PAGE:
How to Find More Play In Your Life

By My Act III on Apr 08, 2015 at 02:25 PM in Interests, Dreams, My Act III, Nurturing Your Soul, Relationships

How can you find more “play” in your life? If you don’t feel like you are a playful person, it may be that you don’t consider some of the things you already do as playful. You know you are experiencing play if you find yourself laughing, daydreaming, losing track of time, or anticipating certain activities with joy. Play is a personal endeavor. What one person finds as work, another may define as play. One person may find play in golfing; another may find play while rearranging a closet.

There are seven steps we suggest to unleash these four characters and discover more playful moments.

  1. Think about what you have discovered to be fun throughout your life. Recount moments in your life when you felt you were playing or having fun. Start with your earliest memory and use the feeling to find other experiences where the joy was felt. Write these memories down and you will discover the particular mode that characterizes your definition of fun. We discovered that in our definition of fun, learning was a major component. We discovered that we were explorers—when we were learning something new, we experienced all the characteristics of fun. Once you find what makes you playful, it will be easier to find more moments of lightness and joy.
  2. Say “yes.” Check those moments when you are tempted to put up excuses for not participating.
    We often encounter resistance when breaking established patterns. “I don’t have time, I don’t have the energy, I don’t have the money, I have a headache, my house isn’t ready for company” are all red flags that you are in resistance mode. When you hear yourself saying these excuses, stop and say “yes” instead. You will find that the headache will vanish, that it will be money well spent, and you will be filled with energy as you find yourself laughing and having a good time.
  3. Practice gratitude. Every day, reflect on the good that has happened throughout the day. Being grateful allows you to put a new frame around your experiences. The day your dishwasher goes out may be the day you are treated with kindness by the installer. The day you sprain your ankle may be the day you bond more closely with the friend who drove you to the doctors. By looking at the situation with gratitude, you develop a more positive, lighter spirit that makes you a JBF and encourages you to say “yes” to life’s joyful moments.
  4. Practice compartmentalization. Reserve time where negative thoughts are off limits. No one can have fun when they are feeling sorry for themselves or seeing a world of doom. We all experience times in our life when we want our pity party. But here is a hint: no one likes to go that party! While problems may need to be attended to, negative feelings are contagious and keep you from being creative and finding solutions. Make a conscious effort to NOT mention negatives – at least for a period of time. Engage in joyful activities while you put the problem to rest. When you return to thinking about the situation, you may find it easier to deal with. Compartmentalization increases your JBF factor and helps you explore your interests.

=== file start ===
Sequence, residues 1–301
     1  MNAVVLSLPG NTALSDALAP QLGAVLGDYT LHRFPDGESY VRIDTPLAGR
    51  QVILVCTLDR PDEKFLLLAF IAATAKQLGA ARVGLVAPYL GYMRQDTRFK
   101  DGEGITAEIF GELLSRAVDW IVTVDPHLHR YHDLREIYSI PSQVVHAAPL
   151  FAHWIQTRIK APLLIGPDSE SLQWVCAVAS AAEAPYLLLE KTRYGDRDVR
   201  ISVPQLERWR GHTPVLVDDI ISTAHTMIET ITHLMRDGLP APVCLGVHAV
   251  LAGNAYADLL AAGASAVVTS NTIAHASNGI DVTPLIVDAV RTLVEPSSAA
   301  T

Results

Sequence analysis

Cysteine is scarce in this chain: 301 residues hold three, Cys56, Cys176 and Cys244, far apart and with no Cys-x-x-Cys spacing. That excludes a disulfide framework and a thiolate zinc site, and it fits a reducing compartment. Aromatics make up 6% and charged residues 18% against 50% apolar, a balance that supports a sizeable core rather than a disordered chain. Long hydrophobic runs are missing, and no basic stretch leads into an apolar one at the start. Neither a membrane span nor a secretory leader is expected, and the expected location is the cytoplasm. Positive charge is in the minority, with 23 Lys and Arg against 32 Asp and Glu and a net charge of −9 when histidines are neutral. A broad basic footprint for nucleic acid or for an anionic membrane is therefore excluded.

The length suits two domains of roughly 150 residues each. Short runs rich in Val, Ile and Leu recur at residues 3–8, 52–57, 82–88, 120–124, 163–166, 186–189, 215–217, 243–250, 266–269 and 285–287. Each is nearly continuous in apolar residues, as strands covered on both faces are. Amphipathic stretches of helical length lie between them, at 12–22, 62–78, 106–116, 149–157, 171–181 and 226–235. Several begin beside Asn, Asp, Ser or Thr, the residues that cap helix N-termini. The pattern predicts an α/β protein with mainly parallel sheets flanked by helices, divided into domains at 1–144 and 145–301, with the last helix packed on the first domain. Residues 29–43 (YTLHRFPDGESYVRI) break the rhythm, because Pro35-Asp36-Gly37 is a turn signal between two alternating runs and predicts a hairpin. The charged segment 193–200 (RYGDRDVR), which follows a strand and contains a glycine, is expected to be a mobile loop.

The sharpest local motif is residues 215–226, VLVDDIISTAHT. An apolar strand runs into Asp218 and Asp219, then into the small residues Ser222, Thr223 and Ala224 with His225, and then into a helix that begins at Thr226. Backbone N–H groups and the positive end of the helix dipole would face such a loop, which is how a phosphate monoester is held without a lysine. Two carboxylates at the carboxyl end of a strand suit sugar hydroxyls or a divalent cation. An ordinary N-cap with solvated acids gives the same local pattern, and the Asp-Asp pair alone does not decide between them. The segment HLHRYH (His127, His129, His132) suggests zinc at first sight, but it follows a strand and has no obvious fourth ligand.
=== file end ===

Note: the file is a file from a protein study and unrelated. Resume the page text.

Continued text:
5. Explore interests: An important part of play is exploring new areas and skills. As children, we used play to experience new roles, build skills, and explore possibilities. The same is true for adults. Start an interest diary. Every time you think of something that might be fun, write it down. As you do this, you will be starting the habit of being on the lookout for fun. Would it be fun to take a cooking class? Learn how to whittle? Build a campsite and take your grandchildren for an outdoor adventure? Once you build your diary, pick one thing a month that you commit to trying out. You will find that, in the new activities, play is the natural way of learning.
  6. Go out of your comfort zone: People feel comfortable in routines. We drive the same way to work every day. We tend to eat at the same lunchroom and order the same meals. At least once a week, change a routine. Take a different route home. Plan a sit down dinner using the good china. Better yet, invite a friend over, set out some fresh flowers, and light a couple of candles. You will discover what so many people seek from play: The enjoyment of the simple things.
  7. Turn drama into a comedy: There will be those times when you feel that you have been overlooked, under-appreciated, stepped on, disrespected, or simply the victim of bad luck. Recognize that you have a choice in the way you react. Where is the humor in the situation? Where are you taking yourself too seriously? Talk the situation over with a friend and ask them to help you find the humor in the situation. You can creatively re-write the script and laugh at the silliness of it all. You will be in a much different frame of mind after you play with the drama instead of dwelling in it.

Play is a tonic at every stage of life; in ACT III it serves to revitalize our interest in ourselves and in our lives, keeping us relevant and interesting to all we meet. So get out and play.

My Act III

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